William Eggleston Portraits Hardcover Catalogue
Format: 280 x 275mm
Extent: 184 pages
Illustrations:120 b/w and colour images
Word Count: Approx. 22,000 words
Further information on shipping rates, returns and damages can be found here
Royal Mail and our other regular global couriers have stopped asking for signatures when delivering parcels to customers. In cases where a parcel does not fit through a letterbox, the courier will leave the item at the door, and will step aside after knocking to ensure there is a safe distance while you retrieve your parcel.
In addition, some couriers are experiencing delays at this time. We would be grateful if you could have patience with us during this challenging time.
You can find more details on our COVID-19 Prevention Policy page.
‘I want to make a picture that could stand on its own, regardless of what it was a picture of. I’ve never been a bit interested in the fact that this was a picture of a blues musician or a street corner or something.’ – William Eggleston
William Eggleston’s photographs are special for their eccentric, unexpected compositions, playfulness, implied narrative and, above all, his portrayals of people. Over the past half-century he has created a powerful and enduring body of work featuring friends and family, musicians, artists and others.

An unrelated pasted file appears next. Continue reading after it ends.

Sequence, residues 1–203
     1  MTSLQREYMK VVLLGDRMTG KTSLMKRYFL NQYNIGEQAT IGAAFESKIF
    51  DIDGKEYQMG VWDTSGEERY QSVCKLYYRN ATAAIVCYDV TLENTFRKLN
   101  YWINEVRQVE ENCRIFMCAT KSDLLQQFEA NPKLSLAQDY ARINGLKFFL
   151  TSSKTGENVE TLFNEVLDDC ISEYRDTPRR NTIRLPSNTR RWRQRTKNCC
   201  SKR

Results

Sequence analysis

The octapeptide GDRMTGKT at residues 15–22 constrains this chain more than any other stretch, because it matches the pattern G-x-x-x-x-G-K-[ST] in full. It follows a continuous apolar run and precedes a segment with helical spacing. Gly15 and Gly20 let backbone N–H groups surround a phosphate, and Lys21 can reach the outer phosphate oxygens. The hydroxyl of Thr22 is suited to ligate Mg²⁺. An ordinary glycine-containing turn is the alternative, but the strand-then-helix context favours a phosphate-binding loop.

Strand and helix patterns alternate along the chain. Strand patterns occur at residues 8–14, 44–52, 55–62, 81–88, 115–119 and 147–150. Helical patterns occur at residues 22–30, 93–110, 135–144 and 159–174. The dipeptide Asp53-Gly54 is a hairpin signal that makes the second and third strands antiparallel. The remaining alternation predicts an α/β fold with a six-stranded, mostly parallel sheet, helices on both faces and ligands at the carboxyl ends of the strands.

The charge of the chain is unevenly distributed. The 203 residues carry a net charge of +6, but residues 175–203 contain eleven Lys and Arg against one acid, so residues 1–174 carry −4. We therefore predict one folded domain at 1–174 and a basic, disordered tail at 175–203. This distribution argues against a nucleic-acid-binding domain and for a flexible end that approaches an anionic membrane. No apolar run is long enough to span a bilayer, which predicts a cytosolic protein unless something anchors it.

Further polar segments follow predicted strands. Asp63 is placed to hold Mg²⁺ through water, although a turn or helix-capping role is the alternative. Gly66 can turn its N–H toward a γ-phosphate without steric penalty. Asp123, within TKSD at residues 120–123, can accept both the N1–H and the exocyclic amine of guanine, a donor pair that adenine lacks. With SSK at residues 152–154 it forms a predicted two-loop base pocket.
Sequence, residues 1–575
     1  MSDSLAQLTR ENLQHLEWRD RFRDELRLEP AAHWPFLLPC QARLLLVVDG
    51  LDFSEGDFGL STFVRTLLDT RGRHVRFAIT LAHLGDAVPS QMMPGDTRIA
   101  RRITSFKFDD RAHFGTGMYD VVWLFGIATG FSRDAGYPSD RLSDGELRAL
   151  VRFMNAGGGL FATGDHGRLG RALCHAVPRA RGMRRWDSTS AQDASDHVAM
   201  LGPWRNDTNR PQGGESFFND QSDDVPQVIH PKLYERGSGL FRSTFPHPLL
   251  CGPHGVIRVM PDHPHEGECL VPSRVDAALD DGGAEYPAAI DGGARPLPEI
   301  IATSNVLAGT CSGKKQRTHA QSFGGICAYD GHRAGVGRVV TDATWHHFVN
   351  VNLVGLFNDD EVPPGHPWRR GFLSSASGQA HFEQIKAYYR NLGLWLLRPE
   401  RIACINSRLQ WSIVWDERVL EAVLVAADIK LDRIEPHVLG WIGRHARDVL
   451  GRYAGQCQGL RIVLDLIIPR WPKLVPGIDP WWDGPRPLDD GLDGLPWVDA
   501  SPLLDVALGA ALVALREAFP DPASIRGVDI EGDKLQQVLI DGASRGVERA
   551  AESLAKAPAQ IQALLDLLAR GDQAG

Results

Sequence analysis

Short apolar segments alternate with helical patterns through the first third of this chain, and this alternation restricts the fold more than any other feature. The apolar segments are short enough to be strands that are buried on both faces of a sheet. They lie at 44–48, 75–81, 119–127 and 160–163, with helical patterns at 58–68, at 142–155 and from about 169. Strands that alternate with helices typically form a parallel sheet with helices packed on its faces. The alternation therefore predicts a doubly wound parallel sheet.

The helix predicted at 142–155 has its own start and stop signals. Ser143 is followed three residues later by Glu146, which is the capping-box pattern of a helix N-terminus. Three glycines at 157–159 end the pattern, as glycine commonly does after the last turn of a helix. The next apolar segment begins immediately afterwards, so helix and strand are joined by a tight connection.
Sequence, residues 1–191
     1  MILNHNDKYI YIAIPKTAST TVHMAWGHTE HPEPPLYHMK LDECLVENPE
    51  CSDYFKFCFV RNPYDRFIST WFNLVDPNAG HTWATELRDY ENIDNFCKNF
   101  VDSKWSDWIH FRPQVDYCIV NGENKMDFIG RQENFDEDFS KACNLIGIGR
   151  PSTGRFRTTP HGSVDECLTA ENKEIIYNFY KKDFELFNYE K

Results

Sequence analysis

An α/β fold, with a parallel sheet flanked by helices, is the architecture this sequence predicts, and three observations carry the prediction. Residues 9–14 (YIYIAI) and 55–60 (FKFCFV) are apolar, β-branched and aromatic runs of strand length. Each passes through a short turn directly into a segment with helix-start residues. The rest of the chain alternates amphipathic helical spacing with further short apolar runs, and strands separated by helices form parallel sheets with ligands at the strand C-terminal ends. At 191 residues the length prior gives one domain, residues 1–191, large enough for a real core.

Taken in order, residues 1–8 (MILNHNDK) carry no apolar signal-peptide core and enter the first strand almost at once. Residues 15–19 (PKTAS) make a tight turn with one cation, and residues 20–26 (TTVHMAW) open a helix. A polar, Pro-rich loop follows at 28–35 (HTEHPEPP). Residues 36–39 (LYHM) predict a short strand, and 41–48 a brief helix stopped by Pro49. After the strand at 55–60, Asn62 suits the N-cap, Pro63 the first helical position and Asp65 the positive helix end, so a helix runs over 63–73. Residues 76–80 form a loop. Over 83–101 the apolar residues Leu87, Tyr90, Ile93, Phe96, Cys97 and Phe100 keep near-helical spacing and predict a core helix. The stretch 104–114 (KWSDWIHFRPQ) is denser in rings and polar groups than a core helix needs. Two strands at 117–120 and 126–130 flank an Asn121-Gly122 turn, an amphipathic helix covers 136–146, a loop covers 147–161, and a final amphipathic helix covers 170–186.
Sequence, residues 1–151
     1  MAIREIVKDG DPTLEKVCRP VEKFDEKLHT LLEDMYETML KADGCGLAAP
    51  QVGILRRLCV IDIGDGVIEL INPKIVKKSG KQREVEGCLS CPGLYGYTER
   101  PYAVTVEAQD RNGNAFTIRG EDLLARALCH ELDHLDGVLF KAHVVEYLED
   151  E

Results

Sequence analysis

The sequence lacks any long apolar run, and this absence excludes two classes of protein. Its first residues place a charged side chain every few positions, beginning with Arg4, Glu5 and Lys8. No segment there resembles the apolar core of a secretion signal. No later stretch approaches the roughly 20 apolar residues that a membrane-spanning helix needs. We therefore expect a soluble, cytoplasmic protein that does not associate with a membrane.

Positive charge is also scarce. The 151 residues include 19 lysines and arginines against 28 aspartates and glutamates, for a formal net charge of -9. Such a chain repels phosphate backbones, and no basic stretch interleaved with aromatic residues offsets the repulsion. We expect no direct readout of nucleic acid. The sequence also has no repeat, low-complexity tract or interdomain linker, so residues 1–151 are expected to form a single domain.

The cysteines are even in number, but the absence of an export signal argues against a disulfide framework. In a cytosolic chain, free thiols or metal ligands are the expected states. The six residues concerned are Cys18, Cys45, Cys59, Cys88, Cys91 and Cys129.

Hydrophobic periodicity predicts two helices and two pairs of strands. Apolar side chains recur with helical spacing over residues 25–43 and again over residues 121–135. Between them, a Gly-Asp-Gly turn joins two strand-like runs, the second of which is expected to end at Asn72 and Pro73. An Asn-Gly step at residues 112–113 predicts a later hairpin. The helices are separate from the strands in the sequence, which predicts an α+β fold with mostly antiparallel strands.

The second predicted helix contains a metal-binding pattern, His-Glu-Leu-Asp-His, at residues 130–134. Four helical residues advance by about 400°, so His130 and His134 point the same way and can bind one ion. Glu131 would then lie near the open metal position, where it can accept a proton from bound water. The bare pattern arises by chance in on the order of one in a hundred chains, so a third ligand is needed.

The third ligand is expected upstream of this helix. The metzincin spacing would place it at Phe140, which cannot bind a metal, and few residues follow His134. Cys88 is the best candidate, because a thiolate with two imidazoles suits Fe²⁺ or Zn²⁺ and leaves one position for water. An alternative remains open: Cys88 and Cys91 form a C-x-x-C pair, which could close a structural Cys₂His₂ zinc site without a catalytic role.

Eggleston frequented the 1970s Memphis club scene, developing friendships and getting to know musicians, including Ike Turner, Alex Chilton and others. His fascination with the nightclub culture resulted in the experimental video Stranded in Canton (2005), which chronicles visits to bars in Memphis, Mississippi, and New Orleans. At the same time he encountered and photographed the likes of Dennis Hopper, Eudora Welty and Walter Hopps – and for a brief moment Eggleston even entered the Warhol Factory scene, dating the Warhol protégé, Viva.
William Eggleston: Portraits accompanies the first exhibition to explore Eggleston’s pictures of people. Works included span his career from the 1950s through to his well-known portraits of the 1970s to the present day. The catalogue includes an essay, chronology and beautifully reproduced exhibition plates, as well as a revealing interview with Eggleston and his close family members, conducted in Memphis by exhibition curator Phillip Prodger.